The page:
Another prog, another classic Brian Bolland cover – this one celebrating multiple Eagle Award wins.
Tharg’s Nerve Centre (is this the first time it’s been called that?) has the first mention of an upcoming Robo-Hunter story next year (this prog is published in October 1979).
Judge Dredd: The Invisible Man from John Howard and Ron Smith. It’s a great set-up (I know how it ends so know what the twist is, and even that there is a twist) with artwork from Ron Smith that makes the Aftermath Square feel like a busy and large public space. John Wagner includes a few digs at modern art as a twisted coat hanger gets stolen, seemingly by an invisible man. An attempt to catch the perp in the act backfires as not only does he escape but he threatens repercussions.
Alvin Gaunt is joined once again by Belardinelli on Black Hawk. The titular character – on the verge of death last prog – to his surprise awakes. Breaking out of the mending vat the Director explains all. Here’s the answer to my confusing memory – Battak’s wings are going to be healed… one day (in time for the prog I owned that features the character flying). Blackhawk is unimpressed by the mending vat – its unnatural processes have trapped him in the Arena, where even death is no escape from the gladiatorial contests. In training the after-effects and distraction of the vats lead to his showing fear, which also leads to Ursa sustaining an injury. At that moment a local arrives with a challenge – the Goool who has the opposite of a petrifying gaze – a test drone melts into a pool of slime – a pool of Goool, if you will. The Director prepares to pay a forfeit as Blackhawk accepts the challenge. His reasoning is that he must regain his bravery, and if he does not, at least he will die permanently, as the mending vat cannot resurrect a pool of slime.
Flesh File next. I’m familiar with this format, because a similar page appeared a year or two after I first started buying 2000AD. With art culled from Flesh Book I and the Satanus episodes of The Cursed Earth, Carlos Ezquerra provides a few new frames. Presumably Pat Mills reminds us of Old One Eye and Satanus, before introducing us to Golgotha, grandson of the Hag Queen and son of Satanus the Unchained (as ever, Uncle Pat likes to give characters grandiose titles).
Did I say Carlos Ezquerra provided a few new panels? For Pat Mills and ‘L.J. Silver’ are bringing this prog’s The A.B.C. Warriors story to us. I think this pen-name for Carlos means he was unsatisfied with the art for this story, though I can’t imagine why, because his armoured tyrannosaurs are great! Speaking of which, the son of the owner of a fleet of at least a hundred cybo-whales uses a herd of tyrannosaurs to hunt filing clerks and typists from his father’s company. This is a secret, though it’s on an outcrop in the sand seas called Damnation Island, which is linked to the mainland by the Bridge of Screams, so I’m not sure how much of a secret it is. When Golgotha gets upset at another tyrannosaur stealing his kill, he loses his rider (Mike Molasses – no idea if the name is meant to mean anything, or is just a comedy name) and leads the herd (should that be pack?). Golgotha leads the pack to the mainland and the secret is out. Hammerstein and Deadlock take Mike away to send him on ‘the great journey’ (guess which of the two robots did that bit) which doesn’t go down too well with Molasses senior. Luckily for the millionaire/billionaire, there’s a robot predisposed to treachery already in the Meknificent Seven.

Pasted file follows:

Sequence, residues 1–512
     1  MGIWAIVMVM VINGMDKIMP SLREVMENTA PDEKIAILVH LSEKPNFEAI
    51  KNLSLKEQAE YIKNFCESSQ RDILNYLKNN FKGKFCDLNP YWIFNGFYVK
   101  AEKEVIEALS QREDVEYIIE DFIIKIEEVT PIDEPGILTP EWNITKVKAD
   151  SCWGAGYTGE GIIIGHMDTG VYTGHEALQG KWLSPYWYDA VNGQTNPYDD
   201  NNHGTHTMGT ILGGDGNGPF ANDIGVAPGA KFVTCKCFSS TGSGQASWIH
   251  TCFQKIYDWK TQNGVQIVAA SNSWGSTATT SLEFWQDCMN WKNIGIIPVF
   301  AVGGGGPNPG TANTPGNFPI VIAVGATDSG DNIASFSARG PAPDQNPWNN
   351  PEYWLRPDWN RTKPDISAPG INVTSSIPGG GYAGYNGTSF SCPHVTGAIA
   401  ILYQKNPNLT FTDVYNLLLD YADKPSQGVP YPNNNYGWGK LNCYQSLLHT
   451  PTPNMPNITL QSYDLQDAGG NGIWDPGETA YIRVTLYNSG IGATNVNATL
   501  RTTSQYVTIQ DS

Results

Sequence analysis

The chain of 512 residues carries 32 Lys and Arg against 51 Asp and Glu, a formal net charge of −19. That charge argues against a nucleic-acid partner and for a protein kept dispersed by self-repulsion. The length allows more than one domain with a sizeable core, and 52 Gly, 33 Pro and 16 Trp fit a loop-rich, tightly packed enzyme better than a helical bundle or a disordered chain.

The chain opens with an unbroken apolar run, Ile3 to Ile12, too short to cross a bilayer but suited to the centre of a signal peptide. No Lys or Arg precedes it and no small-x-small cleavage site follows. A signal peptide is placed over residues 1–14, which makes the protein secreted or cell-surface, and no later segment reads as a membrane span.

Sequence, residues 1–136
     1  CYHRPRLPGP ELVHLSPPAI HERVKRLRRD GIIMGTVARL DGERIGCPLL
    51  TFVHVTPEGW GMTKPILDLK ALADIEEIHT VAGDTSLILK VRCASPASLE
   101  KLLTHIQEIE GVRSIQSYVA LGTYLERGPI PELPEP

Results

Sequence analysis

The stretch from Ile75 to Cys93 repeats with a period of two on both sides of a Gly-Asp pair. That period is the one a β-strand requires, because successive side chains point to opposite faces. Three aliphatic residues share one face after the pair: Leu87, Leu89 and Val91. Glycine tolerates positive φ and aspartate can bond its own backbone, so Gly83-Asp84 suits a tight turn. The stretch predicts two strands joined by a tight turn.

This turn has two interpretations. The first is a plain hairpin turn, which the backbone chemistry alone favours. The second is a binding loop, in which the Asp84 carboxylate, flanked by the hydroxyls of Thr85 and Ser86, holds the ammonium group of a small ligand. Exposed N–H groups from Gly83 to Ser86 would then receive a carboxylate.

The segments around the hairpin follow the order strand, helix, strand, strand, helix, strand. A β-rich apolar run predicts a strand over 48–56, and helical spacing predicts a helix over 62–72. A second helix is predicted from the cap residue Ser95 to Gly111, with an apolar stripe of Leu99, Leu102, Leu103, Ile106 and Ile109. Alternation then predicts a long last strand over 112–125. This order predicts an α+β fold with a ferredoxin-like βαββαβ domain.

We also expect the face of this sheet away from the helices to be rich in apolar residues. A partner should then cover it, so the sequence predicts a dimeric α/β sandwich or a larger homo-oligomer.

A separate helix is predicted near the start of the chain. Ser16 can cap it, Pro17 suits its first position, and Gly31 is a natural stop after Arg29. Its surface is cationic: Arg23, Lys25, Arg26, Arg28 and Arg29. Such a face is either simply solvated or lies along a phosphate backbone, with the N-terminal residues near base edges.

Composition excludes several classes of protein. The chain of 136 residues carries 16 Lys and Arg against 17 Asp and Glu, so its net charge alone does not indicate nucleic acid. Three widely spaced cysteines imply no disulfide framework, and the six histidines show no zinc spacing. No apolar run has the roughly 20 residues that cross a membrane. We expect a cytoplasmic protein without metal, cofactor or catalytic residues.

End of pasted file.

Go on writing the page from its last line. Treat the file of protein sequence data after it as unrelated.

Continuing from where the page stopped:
The Mind of Wolfie Smith from Tom Tully and Vañó has the young psychic facing a gang of angry stuntmen. In this instance, Wolfie is saved by the intervention of ancient evil possessing him, leading to injuries to the stuntmen (the possession also physically changes Wolfie’s face). Looks like Wolfie had better leave the scene, though at that moment Julian the director marvels at how creepy the latest costume is. The face of which, of course, looks like the demonic visage which Wolfie took on while possessed. Next prog: Nothing! This is for one of two reasons – problems getting the art in on time or something else that’s going to take the spot instead. If the thing that takes over is a Future-Shock then it’s probably art issues.
Disaster 1990! has Finlay-Day and Carlos Pino showing Bill’s confrontation with the squire. Last issue we were told that the residents of the high and dry land were going to kill any strangers, either before or after they landed. The squire’s sons act in accordance to this teaser, though the squire himself seems more friendly… Actually, he is friendly enough, though strongly isolationist. It’s the sons who cause all the trouble, smashing up the Duck and forcing Professor (Steve) Bamber and Bill Savage to jump off a cliff into the water. I think this is the first time we’ve seen Bamber’s other name – I’d assumed Bamber was his first name. It does make their initials SB and BS (though I seem to remember Bill’s full name is William Alfred Savage – his middle name may have been reported differently in different stories).
Almost at the end of the prog and we have a new feature Down in the Drains… with Ro-Jaws. This has three letters – all to, and about, Tharg – you can probably imagine how Ro-Jaws answers them, all at Tharg’s expense. The other half of this page is a ‘next prog’ teaser – the same as this one, but for two exceptions – a Ro-Jaws’ film feature and Tharg’s Future-Shocks – so probably an art issue?
Grailpage: I keep forgetting to consider covers as grailpages, but there’s little contest with this prog – the profile of Dredd from Brian Bolland, lawgiver pointing upwards and the Eagle in the background.
Grailquote: Pat Mills, narration: “These were rich pickings – and soon the rich had been fully picked…”